Thursday, 28 September 2017

Whig reforms 1832-1841

During the 1833 and 1834 sessions Lord Althorp,[1] leader of the House of Commons, showed that the energy for further reform remained strong. Although ministers sympathised with and even promoted specific bills in general, legislation to improve the condition of the ‘lower orders’ such as factory, education and Poor Law reform resulted partly because of extra-parliamentary pressure and fact-finding Royal Commissions. Althorp’s record suggests, however, that the Whig government did have certain political principles as well as humanitarian concerns and that their actions cannot be seen simply as a response to external pressures.
Melbourne, Prime Minister briefly in 1834 and between 1835 and 1841 led a government that was far less radical that Grey’s.[2] There were various reasons for this. Melbourne fought General Elections in 1835 (called by the Conservatives after the minority government of Sir Robert Peel was defeated) and in 1837 (after the death of William IV). This reduced the Whig majority to 32 after 1837 and Melbourne had to rely on the support of the Irish MPs or the agreement of the Conservatives to get legislation through Parliament. By temperament Melbourne was not a radical reformer preferring gradual to fundamental change.
By 1835, Britain had experienced almost a decade of frenetic change and need a period of stability. Lord John Russell[3] offended radicals in the autumn of 1837, acquiring the nickname of ‘Finality Jack’, when he strongly defended the reform settlement and declared himself against further reform. By the late 1830s, however, the Whigs were showing signs of stress. Unemployment and manufacturing depression deepened after 1838 and the government appeared to have no answers to the economic and social problems facing Britain.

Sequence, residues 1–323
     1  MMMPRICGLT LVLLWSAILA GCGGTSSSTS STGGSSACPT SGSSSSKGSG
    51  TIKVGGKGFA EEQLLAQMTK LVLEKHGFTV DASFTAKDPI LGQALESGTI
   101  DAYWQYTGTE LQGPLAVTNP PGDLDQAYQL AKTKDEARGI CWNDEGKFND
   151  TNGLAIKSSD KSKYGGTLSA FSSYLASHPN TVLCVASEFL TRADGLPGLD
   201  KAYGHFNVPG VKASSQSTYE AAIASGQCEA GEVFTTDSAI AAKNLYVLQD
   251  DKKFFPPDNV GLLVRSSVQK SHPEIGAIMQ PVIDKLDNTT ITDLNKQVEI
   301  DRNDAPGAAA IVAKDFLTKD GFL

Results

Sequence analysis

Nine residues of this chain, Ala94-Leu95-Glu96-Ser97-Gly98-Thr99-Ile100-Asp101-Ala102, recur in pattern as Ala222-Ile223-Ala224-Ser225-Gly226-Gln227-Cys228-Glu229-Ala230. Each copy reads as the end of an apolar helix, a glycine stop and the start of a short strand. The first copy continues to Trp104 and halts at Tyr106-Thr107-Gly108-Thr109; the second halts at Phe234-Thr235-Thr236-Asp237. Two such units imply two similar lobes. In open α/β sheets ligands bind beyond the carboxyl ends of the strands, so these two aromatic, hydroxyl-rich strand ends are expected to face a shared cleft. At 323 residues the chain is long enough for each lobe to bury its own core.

However, Melbourne’s government did introduce important reforms on church matters. The Ecclesiastical Revenues Commission that had been established in June 1832 to investigate the financial structure of the Church of England was not very effective and, during Peel’s minority administration in early 1835, a new Commission was set up to ‘consider the State of the Established Church’. Made permanent in 1836 as the Ecclesiastical Commission, it introduced a series of major reforms of the Church’s structure. These measures reinforced State control over the Church.

The following is a summary of reforming legislation passed between 1832 and 1841:

1833
Slavery abolished throughout the British Empire and £20 million allocated as compensation for slave owners. The abolition of slavery was clearly influenced by the extra-parliamentary campaign. It also redeemed pledges given to the electorate by many Whig candidates in the 1830 and 1832 General Elections. The measure disappointed humanitarians by delaying full emancipation of slaves until a period of ‘apprenticeship’ in limited freedom had been served (seven years for slaves who worked on the land, five years for the rest).
Factory Act passed but it applied only to the textile industry. It restricted the employment of young children and established an inspectorate to enforce the act. This laid the foundation for later social and industrial legislation.
£20,000 was granted to the voluntary societies providing elementary education. This established the principle of state-assisted education.
Reform of the law by Henry Brougham, Lord Chancellor establishing the central criminal court and the Judicial Committee of the Privy Council.
Irish Church Temporalities Act abolished 10 Church of Ireland bishoprics and reduced the revenues of the remainder. Surplus revenues to be used for purely church purposes.
1834
Poor Law Amendment Act reformed the existing system of poor relief. It introduced workhouses and said that all relief should be in the workhouse. Parishes were grouped together into Poor Law Unions to improve efficiency and reduce costs.
1835
Municipal Corporations Act
1836